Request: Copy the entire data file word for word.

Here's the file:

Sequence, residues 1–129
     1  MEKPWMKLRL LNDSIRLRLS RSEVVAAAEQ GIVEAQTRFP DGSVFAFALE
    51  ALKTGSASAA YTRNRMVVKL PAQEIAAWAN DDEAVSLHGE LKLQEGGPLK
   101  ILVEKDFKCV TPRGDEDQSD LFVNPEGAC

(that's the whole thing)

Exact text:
Sequence, residues 1–129
     1  MEKPWMKLRL LNDSIRLRLS RSEVVAAAEQ GIVEAQTRFP DGSVFAFALE
    51  ALKTGSASAA YTRNRMVVKL PAQEIAAWAN DDEAVSLHGE LKLQEGGPLK
   101  ILVEKDFKCV TPRGDEDQSD LFVNPEGAC